Regarding au pairing, the line between family time and work can get blurry. Your host family must understand that and respects your need for time to relax.
When interviewing with families, always ask about housework duties and driving rules.
What to Expect
Au pairs are legally required to follow host families’ rules and are expected to be treated as a full-fledged family members. This means they will live in the host home and receive room, board, and childcare. Au pairs are encouraged to participate in community activities and educational opportunities to help them better understand American life.
Discussing the family’s expectations with your au pair before they arrive is important. Later shocks will be less likely as a result of this. Your au pair should also have a map of the area and an explanation of local customs, such as traffic rules. Your au pair, for instance, might need to be made aware that it is illegal for her country to pass a stopped school bus.
If you have children, clarifying the family’s childcare requirements like Go Au Pair program is essential. Explain what you expect from her and how she should respond to your children if they misbehave.
It is also a good idea to talk about housework and other chores you expect your au pair to do. For example, you should clarify if you want her to avoid washing your clothes or cleaning the family car.
Preparing for the Arrival
Make sure your household is prepared for the arrival of your au pair. Make sure your kids are aware of her visit, and even if they are too little to communicate, think about having them sketch a picture for her to hang on the fridge. This will make her feel at home right away.
Also, before she comes, establish ground rules with her. She may be responsible for certain house rooms, a cleaning schedule, laundry days, etc. Additionally, this is an ideal time to discuss her pay schedule and vacation regulations.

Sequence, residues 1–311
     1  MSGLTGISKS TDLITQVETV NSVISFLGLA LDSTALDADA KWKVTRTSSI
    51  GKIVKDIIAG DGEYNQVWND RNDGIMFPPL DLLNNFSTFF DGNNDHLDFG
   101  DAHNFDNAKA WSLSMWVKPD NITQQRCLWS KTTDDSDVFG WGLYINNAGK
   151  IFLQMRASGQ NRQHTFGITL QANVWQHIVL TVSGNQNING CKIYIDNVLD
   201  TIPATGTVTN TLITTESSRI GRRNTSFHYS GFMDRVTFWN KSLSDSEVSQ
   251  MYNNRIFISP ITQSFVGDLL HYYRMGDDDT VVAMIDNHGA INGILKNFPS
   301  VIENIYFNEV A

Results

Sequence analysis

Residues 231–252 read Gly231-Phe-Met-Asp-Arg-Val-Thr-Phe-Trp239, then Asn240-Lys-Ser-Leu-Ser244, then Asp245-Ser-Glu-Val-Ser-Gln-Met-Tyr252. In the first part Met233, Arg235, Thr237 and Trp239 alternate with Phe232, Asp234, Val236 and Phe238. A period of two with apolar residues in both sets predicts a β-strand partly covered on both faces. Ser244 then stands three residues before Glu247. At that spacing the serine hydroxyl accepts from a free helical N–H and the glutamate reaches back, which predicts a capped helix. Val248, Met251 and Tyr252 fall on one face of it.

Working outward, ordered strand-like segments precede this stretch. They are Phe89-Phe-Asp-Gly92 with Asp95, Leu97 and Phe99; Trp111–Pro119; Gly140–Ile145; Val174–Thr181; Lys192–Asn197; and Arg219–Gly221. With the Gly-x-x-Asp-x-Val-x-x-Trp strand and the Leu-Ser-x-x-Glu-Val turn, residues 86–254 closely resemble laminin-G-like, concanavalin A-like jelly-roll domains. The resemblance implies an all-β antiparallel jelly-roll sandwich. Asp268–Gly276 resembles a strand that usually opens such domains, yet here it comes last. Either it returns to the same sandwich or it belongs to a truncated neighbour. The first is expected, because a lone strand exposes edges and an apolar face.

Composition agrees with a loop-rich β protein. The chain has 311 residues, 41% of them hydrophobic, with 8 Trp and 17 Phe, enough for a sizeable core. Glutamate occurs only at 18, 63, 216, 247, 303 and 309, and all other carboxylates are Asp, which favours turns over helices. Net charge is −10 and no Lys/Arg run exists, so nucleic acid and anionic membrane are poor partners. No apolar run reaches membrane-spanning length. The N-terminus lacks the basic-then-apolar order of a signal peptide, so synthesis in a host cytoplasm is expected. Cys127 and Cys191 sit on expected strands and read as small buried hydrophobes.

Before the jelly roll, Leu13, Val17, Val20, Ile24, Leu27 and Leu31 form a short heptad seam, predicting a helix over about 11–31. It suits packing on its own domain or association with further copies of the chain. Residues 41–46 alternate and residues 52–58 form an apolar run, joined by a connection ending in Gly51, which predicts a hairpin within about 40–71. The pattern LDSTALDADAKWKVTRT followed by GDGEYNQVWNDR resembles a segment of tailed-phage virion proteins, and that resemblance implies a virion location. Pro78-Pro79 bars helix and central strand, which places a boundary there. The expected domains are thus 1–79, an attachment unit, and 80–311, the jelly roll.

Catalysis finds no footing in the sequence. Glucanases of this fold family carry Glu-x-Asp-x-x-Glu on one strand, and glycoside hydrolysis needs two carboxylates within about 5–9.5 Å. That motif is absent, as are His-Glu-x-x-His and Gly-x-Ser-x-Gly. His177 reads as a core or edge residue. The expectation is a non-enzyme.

If you have small children, carefully review expectations for child care and discipline techniques. Methods for disciplining children can vary greatly from culture to culture, so it is important for your family to be clear on your expectations and to communicate clearly with your au pair.
Also, if you have a car, discuss driving policies and the logistics of how she will use it during her first weeks in your home. Have your local coordinator call her within 48 hours of her arrival and visit her during her first two weeks. This will help her feel supported and reassured during this critical time.
Getting to Know Your Host Family
The Au Pair will need time to adjust and learn about the family’s lifestyle and expectations. This is a mutually beneficial experience. The host family gets an additional helper, and the Au Pair gains a lifetime of experiences they will take into their future jobs, relationships and life.
The Au Pair must understand that this is their new family and treat them respectfully and kindly. This includes listening to them and responding to what they say. It’s also important for the Au Pair to not compare their experience with other Au Pairs and their families, as each situation is different.
When getting to know them, it is a good idea for the Au Pair to inquire about the family’s daily schedule and favorite pastimes. What are their favorite meals, for instance, and when do they usually consume them?
The au pair must introduce the family to her culture. This may be accomplished by cooking meals from her native country or bringing up her hometown and native tongue. It’s a wonderful opportunity for the host family to get to know her better and for the au pair to meet others in her new neighborhood.
Getting to Know Your Au Pair
It is crucial to know your au pair, whether you utilized Au Pair to discover or found them independently. Ask them questions throughout the interview to better understand them and their requirements.
Inform the au pair about her expectations for privacy and any areas of your home that you believe to be private. Once she comes, everything will be predictable, thanks to this. It’s crucial to talk about how the home will run, whether you have kids, and how old they are. You and your au pair will need to agree on house rules and a schedule for the work day.
Discuss discipline and safety issues with your au pair if you have children. Any decisions she takes in front of the kids must have your support. Additionally, it is a good idea to discuss why American children behave differently from their classmates in other nations.
Discussing your family’s religious practices and views is also a good idea. Your au pair need to understand your expectations and what will be expected of her regarding your religion.